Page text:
The Creditworthiness Assessment Bill, which is now going through Parliament, will enshrine this in law. The Bill requires certain matters to be taken into account when assessing a borrower’s creditworthiness and once enacted – hopefully in 2019 – for the first time, credit providers will have to include your rental and council tax payment history when calculating your credit score. At the moment, timely rental payments aren’t necessarily reflected in people’s credit reports but – hopefully – this is all about to change. The Bill, which was put forward by Big Issue founder Lord Bird, has cross-party backing in the House of Commons and had its second reading in October.

And the change won’t only work in tenants’ favour – it will be good news for landlords too. The Residential Landlords Association says 61% of landlords support the move; it believes including rent payments in your credit rating in this way will also make it easier for landlords to make a more accurate assessment of a prospective tenant’s credit and rent payment history. In turn that would make it more straightforward for people with a good credit record to find rental property quickly and easily.

This bill is long, long overdue. With rental and/or mortgage payments being the largest and arguably most important outgoing for UK households, it has always been unfair to tenants that they have been denied the ability to have their ‘rent worthiness’ to be taken into account.

Latest estimates show that around 5.4 million UK households rent, so once this legislation is enacted it stands to make a big difference to many people’s lives, whether they wish to prove their credit worthiness to a prospective landlord, buy a new car or take out a bank loan. It will open up fairer access to more affordable credit to a wider pool of responsible borrowers and prevent people from falling into the high-cost-credit poverty trap.

Your Move’s recent Landlord Survey, which polled 1,071 landlords and tenants to learn more about their portfolios, behaviours and attitudes towards tenants, agents and the lettings market, shows that landlords vote trustworthiness as the most important quality in tenants. Just over a quarter (26%) of landlords surveyed rate tenants who pay on time as the most important consideration.

PlanetRent created by the Ringley Group will soon be making rent worthiness data available to support tenants and landlords alike.  PlanetRent is lettings automated – for landlords who want paperless deals, advertising, landlord websites, compliance sorted, protection from fines and the whole audit trail completely taken care of.  To find out more, go to

‘New’ Proptech tool is old news– we were there first!

Here at Ringley, a story published in Letting Agent Today has really got our backs up.  Inventory services provider No Letting Go has just announced their new proptech tool. It automatically sends a copy of an inventory to a tenant, allowing them to check it in their own time and upload images showing issues they want to put forward. The aim is a good one: to significantly cut pre-tenancy admin for letting agents and landlords. “We’re convinced that this service represents the future of check-in reporting and authorisation” says Nick Lyons, chief executive and founder of No Letting Go.

Well we’ve got news for Letting Agent Today. Ringley has been providing this service for our landlords and tenants for years via QuickInventory – a platform that we developed ourselves and which has saved countless hours of unnecessary admin both for us, our clients and their tenants.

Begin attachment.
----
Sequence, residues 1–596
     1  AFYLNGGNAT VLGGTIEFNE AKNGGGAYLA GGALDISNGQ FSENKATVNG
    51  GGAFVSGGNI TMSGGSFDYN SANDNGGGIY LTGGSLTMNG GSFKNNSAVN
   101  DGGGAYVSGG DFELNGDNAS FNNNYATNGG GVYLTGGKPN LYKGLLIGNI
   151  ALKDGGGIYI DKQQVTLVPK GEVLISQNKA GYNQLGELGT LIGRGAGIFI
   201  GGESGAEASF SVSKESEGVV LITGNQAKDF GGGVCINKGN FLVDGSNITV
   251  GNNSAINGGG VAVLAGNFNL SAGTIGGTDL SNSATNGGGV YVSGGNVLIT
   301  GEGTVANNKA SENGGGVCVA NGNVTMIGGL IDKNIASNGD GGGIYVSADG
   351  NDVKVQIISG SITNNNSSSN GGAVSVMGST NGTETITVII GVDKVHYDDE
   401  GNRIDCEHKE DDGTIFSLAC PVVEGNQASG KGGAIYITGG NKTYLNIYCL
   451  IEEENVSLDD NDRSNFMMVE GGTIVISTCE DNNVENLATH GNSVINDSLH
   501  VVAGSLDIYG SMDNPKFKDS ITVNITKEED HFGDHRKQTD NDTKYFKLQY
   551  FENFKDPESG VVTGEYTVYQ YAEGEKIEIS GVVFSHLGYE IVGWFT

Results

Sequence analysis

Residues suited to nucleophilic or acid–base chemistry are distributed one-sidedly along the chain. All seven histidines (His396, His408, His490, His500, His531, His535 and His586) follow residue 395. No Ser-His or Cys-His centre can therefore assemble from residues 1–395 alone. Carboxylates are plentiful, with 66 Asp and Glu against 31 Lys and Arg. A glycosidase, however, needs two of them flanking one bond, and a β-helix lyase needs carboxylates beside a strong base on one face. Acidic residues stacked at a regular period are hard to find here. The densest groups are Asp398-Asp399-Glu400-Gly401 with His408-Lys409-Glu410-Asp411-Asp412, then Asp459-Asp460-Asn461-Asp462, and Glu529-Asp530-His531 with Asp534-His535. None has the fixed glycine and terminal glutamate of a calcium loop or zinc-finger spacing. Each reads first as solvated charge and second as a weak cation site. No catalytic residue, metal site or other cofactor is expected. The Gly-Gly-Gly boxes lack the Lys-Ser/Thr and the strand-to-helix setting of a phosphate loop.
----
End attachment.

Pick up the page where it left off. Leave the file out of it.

Our proprietary software incorporates SignFast e-signing technology, allowing tenants to sign and return inventories in exactly the same way as No Letting Go’s supposedly groundbreaking tool.

The press can’t always be expected to know when a product promoted as innovative has been around for some time but at Ringley we are secure in the knowledge that we were there first!

Is wearable tech on offer from your landlord?


We’re all used to seeing on-site gyms as part and parcel of the offer in smart apartment blocks but now build-to-rent housing developer Moda is taking personal fitness for residents to a new level. With the recent announcement from the World Health organisation that we are all sitting around too much and not getting our recommended one and half hours a week of exercise, this could be good news for anyone living in a Moda block who is worried they are turning into a couch potato.

In the first tie-up of its kind in the housing market, the company has just announced a partnership with a new health and fitness platform called Hero. The aim is to give residents access to a training club in their block that will use wearable tech and 3D body scanners to measure their fitness and create tailored exercise and diet regimes for them. Moda customers will also have access to personal advice from Premier League coaches and nutritionists. And just in case block managers are feeling left out, Hero will also provide ‘mental health first’ training for Moda’s on-site management staff.

This may be a property first but it certainly won’t be the last tie-up we’ll see between a developer and an outside provider. Block operators are ever-more savvy about what will encourage residents – particularly in the build-to-rent market – to sign on the dotted line. Increasingly flat owners and renters are buying into a lifestyle and providers are keen to set the pace. What will they come up with next? At Ringley, a quick office poll came up with some interesting ideas. Our money’s on smart flats where you can activate heating and appliances from your phone, free health screening, pet-friendly blocks and – to attract the growing number of families now renting their homes – on-site childcare, including a babysitting service. Watch this space to see if we’re right!